Adropin and circadian variation of blood pressure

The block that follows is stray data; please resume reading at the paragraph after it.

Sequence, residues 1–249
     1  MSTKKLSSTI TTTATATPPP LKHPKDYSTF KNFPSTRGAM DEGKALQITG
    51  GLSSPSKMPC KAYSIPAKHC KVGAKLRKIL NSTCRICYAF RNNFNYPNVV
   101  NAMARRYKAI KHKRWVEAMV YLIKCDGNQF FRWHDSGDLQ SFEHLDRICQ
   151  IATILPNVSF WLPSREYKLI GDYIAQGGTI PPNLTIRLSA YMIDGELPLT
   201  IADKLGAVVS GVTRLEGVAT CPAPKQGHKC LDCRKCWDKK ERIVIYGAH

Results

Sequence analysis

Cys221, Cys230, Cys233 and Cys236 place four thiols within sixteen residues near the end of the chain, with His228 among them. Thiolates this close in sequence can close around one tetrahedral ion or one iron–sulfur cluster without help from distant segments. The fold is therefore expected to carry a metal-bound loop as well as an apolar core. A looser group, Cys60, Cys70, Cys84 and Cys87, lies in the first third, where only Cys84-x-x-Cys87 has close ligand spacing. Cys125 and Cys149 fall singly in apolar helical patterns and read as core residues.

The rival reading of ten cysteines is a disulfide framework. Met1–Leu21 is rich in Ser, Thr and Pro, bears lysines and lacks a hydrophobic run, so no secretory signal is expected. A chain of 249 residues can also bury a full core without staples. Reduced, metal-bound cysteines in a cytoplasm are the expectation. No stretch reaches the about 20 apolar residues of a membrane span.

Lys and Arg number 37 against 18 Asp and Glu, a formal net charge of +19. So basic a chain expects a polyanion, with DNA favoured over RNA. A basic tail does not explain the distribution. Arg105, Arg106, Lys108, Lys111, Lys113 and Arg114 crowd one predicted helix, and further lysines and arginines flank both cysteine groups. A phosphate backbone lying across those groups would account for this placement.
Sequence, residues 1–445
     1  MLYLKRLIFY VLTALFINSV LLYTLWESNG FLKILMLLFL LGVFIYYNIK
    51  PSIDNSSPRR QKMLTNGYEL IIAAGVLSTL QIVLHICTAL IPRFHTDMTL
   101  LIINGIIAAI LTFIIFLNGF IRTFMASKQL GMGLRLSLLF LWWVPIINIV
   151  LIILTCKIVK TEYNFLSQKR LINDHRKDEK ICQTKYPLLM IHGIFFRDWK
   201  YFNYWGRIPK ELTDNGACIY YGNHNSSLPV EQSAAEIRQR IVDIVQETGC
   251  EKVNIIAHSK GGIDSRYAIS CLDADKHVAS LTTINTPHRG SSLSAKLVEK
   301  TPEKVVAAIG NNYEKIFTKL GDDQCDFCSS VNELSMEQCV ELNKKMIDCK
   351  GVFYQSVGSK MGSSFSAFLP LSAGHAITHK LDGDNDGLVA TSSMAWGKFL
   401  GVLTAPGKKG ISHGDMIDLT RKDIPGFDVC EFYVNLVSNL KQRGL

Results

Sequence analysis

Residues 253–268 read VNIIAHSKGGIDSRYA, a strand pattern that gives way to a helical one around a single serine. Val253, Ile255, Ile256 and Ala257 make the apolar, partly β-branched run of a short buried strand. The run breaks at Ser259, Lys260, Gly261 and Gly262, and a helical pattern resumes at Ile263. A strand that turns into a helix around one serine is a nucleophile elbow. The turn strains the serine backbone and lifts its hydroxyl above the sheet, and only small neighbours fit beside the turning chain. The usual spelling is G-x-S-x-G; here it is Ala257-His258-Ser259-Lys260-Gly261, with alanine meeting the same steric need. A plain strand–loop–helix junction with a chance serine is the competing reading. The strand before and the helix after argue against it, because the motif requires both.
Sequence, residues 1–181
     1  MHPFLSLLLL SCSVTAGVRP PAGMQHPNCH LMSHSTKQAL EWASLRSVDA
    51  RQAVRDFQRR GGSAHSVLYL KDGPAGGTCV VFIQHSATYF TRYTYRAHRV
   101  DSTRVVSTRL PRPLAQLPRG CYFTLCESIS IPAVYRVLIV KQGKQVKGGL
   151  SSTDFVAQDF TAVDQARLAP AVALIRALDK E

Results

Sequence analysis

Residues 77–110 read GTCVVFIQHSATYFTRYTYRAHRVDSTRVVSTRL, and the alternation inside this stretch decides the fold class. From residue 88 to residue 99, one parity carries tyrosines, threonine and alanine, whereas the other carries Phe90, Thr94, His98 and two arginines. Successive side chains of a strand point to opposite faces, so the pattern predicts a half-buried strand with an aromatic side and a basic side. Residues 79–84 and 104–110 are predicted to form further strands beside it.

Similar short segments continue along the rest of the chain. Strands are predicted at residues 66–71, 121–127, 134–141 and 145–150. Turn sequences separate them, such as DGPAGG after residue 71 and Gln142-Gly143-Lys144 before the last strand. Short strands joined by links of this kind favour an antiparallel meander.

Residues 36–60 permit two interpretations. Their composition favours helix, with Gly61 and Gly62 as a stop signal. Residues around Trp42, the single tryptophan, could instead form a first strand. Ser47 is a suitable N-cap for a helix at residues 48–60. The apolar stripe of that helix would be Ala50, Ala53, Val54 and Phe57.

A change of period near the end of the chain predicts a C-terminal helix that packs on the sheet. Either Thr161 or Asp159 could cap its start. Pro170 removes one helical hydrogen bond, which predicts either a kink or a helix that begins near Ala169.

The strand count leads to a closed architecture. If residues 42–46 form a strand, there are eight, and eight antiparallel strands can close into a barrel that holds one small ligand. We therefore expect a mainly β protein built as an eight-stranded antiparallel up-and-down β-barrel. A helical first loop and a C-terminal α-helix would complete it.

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Background: Nocturnal hypertension and non-dipping pattern are often associated with endothelial dysfunction. Previous studies suggested that adropin, a novel secreted energy homeostasis protein, has the unique ability to regulate endothelial cell function. Aim: This study aims to investigate the association between absolute night-time blood pressure (BP) and circadian BP pattern with serum adropin and high-sensitivity C-reactive protein (hsCRP) levels in patients with newly diagnosed untreated arterial hypertension. Methods: Twenty-four-hour ambulatory BP monitoring was recorded in 100 hypertensives (50 dippers, 50 non-dippers) and 50 healthy controls. Serum levels of adropin and hsCRP were measured and recorded. Results: A strong correlation was found between night-time BP levels with adropin and hsCRP levels (p < 0.001). On the other hand, the non-dipper group demonstrated lower adropin levels compared to the dipper and normotensive groups: non dipper group, 2580 +/- 457 pg/mL; dipper group, 3298 +/- 530 pg/mL; normotensive group, 3681 +/- 411 pg/mL; p < 0.001). HsCRP levels were significantly higher in the non-dipper group than in the two other groups (p = 0.017). In a multivariate logistic regression analysis, adropin (p = 0.012) and hsCRP (p = 0.039) were independently associated with a non-dipping pattern. Conclusions: Decreased adropin levels were found in the nocturnal hypertensive and non-dipper groups. Adropin and hsCRP were found to be independently associated with a non-dipping pattern. We suggest that decreased levels of adropin in non-dipper hypertensive patients might be associated with a longer duration of exposure to high BP. These results point to a possible future role of adropin in identifying hypertensive patients at higher risk of target organ damage.